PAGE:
The next obvious step would be to add some form of pasta or pizza element, but I think that is a long way off yet.
Pret A Manger and adult Slush Puppies
In what seems to be a takeaway heavy week, Pret gets Bad PR for upsetting the middle class media elite. It announced that it was canning off milkshakes and smoothies because they take too long to make. Consumers who use the Pret subscription service seemed most annoyed.
Pret A Manger to scrap smoothies, frappes and milkshakes https://t.co/8A1MPymwLr— BBC News (UK) (@BBCNews) February 21, 2023
Pret announced it was bringing in what it described as “the biggest drinks innovation in more than five years”, which turned out to be ice machines, so I am guessing it is an adult slush puppy. When I was first tipped off about this story by my mucka Alan Morrison I really felt it was a meh story.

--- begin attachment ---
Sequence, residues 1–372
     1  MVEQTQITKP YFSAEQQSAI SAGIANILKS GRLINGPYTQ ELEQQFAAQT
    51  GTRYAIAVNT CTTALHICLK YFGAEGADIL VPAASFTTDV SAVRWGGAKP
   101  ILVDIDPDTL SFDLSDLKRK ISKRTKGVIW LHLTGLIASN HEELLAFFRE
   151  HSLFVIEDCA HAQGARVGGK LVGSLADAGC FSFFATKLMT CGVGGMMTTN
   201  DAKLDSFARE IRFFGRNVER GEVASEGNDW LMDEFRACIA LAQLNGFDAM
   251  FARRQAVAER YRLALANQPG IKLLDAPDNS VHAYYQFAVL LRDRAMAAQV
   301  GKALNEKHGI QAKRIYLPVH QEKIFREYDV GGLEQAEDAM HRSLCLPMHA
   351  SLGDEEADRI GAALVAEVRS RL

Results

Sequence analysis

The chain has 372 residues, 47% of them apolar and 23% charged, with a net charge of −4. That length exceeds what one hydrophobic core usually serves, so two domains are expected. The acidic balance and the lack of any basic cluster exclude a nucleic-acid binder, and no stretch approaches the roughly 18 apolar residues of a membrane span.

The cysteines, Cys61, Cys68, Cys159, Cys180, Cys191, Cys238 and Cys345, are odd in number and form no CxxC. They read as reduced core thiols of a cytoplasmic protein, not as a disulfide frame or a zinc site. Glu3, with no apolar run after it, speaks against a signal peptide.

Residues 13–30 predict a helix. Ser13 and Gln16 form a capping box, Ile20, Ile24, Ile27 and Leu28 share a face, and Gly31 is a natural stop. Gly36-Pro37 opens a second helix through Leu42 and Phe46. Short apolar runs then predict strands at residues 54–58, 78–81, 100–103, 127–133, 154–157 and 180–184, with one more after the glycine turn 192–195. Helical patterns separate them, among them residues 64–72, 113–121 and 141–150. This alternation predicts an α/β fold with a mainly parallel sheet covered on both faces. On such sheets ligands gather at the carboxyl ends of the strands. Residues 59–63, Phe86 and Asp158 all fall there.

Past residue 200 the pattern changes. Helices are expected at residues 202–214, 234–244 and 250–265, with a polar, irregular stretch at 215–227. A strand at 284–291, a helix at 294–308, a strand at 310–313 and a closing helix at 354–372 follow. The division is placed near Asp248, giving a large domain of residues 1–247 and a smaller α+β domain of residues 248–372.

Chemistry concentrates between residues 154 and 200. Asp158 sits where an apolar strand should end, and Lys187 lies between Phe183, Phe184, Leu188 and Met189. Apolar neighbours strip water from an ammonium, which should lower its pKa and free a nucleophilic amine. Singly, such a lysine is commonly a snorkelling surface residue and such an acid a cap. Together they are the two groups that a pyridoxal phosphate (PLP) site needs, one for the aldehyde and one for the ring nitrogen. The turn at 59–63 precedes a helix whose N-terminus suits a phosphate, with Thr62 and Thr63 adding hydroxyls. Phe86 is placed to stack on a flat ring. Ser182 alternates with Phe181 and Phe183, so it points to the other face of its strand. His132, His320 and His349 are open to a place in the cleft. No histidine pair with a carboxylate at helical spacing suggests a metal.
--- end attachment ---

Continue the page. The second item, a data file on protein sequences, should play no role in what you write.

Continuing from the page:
Then I Googled it and saw the flood of big ticket hatchet jobs being done on the brand by the likes of the BBC and realised two things. One, many journalists use the Pret subscription service. Two, brands need to check how many journalists are customers before they change anything. I jest… poor Pret.
My final story has to now also be takeaway related and I loved seeing the coverage coming in for the National Curry Awards. It was media hit thanks to it having plenty of regional news opportunities.
The overall winner of Indian Restaurant of the Year went to Alessi restaurant in Stoke on Trent. Personally, I am a chicken balti fan, should anyone be interested.
Mentions in dispatches this week goes to; Bad PR for the meat industry lobbyists who stand accused of running a slow-burn conspiracy theory campaign against plant-based and cell-cultured meat producers. Bad PR for Insta and Facebook for copying Elon and his paid-for Blue Tick monetisation plan. Bad PR for Twitter for removing two-factor authentication unless you sign up to Twitter Blue. Good PR to Southeastern Railway for rebranding London St Pancras station to London St Pancake for pancake day only.
Thank you very much and please do get in touch to tell me how wrong I have got it. I love those messages the most.
Written by Andy Barr, owner of 10 Yetis Digital. Seen any good or bad PR lately? Abuse and contradictory points welcomed over on The Twitter @10Yetis or andy@10Yetis.co.uk on email